Send your Call or Congress to

Divine Speech in the Ancient Mediterranean Basin - 14-15/06/2018, Lille (Francia)


The ways men seek divine words in Antiquity through their prayers and rituals have often been studied, whether they look for words of encouragement or need to acquire some knowledge about a decision to take or an event to come. However, the ways divine words are articulated and mediated have seldom been studied in a comparative approach. In other words, the literary form each divine speech takes (narratives, letters, annals), the medium through which it is conveyed (dreams, oracles, prophecies or any other divinatory form), as well as the material object upon which it is inscribed (tablets, leather rolls or papyri, monumental inscriptions) deserve further attention. Literary and divinatory forms should be of special interest, as much as the documents and material objects that are used to convey them. For instance, divine speech has sometimes been found on material supports that were deemed to be destroyed or recycled. Furthermore, it seems that the status of divine speech changed over time in different areas of the Ancient Mediterranean Basin. Its orality became worth preserving. Consequently, the material support acquired a status on its own, as much as divine speech itself. The aim of this symposium will be to bring together experts from various fields, namely History, History of Religion, Archaeology, Epigraphy, Palaeography, Linguistics, etc., in order to examine the diversity of divine speech as it is articulated and mediated. The contexts in which divine speech occurs will be examined, as well as its literary and material forms.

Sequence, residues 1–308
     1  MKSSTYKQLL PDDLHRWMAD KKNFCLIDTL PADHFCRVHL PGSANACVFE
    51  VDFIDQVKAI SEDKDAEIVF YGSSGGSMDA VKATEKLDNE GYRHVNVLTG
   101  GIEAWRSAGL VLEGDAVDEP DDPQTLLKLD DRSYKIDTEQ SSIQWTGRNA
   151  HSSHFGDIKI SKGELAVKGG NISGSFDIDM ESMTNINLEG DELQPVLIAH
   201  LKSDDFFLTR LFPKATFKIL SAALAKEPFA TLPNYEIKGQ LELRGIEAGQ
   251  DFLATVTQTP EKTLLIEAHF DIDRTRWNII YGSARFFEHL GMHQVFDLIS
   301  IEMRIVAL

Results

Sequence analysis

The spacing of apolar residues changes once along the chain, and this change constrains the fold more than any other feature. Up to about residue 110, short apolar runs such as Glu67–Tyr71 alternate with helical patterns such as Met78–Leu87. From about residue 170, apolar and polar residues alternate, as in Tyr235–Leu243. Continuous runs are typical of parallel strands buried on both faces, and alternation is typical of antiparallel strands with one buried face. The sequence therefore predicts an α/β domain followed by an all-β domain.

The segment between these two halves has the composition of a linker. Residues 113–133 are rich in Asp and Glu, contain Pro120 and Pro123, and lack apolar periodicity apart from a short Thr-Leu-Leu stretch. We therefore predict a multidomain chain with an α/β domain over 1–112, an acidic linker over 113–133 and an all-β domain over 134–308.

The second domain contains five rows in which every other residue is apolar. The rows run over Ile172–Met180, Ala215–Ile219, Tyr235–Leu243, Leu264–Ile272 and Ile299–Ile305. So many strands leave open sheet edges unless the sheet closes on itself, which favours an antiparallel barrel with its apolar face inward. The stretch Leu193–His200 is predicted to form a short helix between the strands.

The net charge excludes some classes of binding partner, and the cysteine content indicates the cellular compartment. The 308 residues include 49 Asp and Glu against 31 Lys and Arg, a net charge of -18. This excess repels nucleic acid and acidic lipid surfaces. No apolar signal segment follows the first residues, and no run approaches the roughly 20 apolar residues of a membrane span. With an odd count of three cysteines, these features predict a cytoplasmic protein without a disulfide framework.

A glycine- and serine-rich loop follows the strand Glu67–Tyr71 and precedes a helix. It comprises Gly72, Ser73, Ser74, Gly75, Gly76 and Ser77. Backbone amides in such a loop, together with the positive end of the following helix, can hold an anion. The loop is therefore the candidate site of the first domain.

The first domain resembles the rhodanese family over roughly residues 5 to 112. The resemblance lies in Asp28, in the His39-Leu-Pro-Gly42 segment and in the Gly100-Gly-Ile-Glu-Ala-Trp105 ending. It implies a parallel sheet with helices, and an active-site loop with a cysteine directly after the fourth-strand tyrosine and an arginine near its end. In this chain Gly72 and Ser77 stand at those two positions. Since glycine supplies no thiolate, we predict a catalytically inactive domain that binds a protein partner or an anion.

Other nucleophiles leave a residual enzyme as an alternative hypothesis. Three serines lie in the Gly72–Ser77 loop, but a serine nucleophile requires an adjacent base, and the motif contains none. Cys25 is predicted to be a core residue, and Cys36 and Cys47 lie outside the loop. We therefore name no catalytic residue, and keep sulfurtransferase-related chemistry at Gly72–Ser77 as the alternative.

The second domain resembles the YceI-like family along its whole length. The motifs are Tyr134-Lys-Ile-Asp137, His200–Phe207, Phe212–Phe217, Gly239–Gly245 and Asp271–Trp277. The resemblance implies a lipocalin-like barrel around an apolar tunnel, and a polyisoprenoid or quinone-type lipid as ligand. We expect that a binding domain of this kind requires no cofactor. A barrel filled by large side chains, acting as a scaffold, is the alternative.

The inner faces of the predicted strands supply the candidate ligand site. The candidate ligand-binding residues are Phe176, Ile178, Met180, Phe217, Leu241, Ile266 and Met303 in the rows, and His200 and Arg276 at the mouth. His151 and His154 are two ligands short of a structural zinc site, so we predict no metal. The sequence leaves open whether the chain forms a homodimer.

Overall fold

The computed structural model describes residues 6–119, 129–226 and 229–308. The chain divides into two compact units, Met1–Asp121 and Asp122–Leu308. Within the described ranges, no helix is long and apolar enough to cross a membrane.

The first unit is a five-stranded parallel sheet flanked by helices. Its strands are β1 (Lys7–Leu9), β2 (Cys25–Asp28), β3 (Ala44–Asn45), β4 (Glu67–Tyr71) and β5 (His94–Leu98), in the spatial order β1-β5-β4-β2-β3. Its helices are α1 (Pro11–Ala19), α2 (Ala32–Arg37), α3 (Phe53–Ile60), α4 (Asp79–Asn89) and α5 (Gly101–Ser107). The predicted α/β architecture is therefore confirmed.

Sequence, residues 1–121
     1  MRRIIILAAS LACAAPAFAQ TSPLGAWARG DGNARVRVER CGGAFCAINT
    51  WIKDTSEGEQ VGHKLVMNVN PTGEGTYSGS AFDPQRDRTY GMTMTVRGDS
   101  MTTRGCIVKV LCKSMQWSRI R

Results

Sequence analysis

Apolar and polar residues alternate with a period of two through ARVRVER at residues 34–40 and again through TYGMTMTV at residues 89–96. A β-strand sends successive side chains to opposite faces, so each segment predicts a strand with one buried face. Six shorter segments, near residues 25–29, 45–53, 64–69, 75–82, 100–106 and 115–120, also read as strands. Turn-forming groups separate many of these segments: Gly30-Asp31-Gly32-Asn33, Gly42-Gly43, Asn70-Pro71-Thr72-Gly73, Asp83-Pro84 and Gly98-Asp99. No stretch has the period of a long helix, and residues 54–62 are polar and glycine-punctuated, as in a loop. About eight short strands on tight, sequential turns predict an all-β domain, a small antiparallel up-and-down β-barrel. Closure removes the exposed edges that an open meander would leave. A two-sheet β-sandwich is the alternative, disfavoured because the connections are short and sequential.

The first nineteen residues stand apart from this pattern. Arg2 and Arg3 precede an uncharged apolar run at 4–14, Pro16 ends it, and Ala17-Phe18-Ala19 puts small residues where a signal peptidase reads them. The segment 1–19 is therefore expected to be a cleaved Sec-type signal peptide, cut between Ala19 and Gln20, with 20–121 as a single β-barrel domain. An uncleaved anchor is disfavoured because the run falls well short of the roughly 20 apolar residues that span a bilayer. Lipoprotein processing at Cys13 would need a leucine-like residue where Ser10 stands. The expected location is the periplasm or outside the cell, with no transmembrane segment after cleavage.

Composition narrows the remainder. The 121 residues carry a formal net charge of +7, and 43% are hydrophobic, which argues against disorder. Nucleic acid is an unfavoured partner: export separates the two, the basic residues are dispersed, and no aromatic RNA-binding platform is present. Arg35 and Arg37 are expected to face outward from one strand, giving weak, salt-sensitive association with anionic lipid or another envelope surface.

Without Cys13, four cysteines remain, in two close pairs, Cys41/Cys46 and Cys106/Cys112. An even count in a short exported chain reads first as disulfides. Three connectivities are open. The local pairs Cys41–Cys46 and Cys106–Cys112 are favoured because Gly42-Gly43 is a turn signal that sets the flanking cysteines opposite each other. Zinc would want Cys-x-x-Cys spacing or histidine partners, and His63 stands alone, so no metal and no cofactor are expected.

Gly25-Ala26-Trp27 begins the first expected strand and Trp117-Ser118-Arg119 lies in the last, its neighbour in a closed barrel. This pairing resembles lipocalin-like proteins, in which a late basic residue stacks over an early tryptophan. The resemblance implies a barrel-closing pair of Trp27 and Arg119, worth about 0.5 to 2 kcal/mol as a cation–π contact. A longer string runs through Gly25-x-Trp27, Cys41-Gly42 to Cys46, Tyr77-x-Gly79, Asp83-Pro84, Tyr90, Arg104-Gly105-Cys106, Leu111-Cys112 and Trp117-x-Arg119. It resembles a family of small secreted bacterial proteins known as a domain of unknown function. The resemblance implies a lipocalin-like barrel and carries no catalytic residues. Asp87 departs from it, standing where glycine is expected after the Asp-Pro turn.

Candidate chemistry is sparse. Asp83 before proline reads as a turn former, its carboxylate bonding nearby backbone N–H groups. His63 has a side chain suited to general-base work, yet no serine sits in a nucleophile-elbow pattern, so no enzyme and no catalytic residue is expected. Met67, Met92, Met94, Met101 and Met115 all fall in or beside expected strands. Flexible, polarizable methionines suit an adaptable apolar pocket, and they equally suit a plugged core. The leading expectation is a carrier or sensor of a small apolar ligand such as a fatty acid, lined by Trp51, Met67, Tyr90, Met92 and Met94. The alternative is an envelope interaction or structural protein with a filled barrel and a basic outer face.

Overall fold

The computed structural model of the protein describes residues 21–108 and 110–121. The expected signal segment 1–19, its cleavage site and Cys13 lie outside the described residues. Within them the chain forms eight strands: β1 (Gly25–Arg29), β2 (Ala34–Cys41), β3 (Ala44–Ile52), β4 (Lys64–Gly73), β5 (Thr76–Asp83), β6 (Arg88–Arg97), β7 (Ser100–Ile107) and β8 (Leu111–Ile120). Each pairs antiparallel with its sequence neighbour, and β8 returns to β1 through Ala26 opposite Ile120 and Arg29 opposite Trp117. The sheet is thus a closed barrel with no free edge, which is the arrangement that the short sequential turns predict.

FECHA/DATE/DATA: 14-15/06/2018

LUGAR/LOCATION/LUOGO: Catholic University of Lille (Lille, France)

ORGANIZADOR/ORGANIZER/ORGANIZZATORE: Stéphanie Anthonioz; Alice Mouton; Daniel Petit

INFO: - -



categorías / tags / categorie

Fasti Congressuum is licensed under a Creative Commons Reconocimiento-NoComercial-CompartirIgual 4.0 Internacional License
© 2014 by Fasti Congressuum. Proudly created by M. Cristina de la Escosura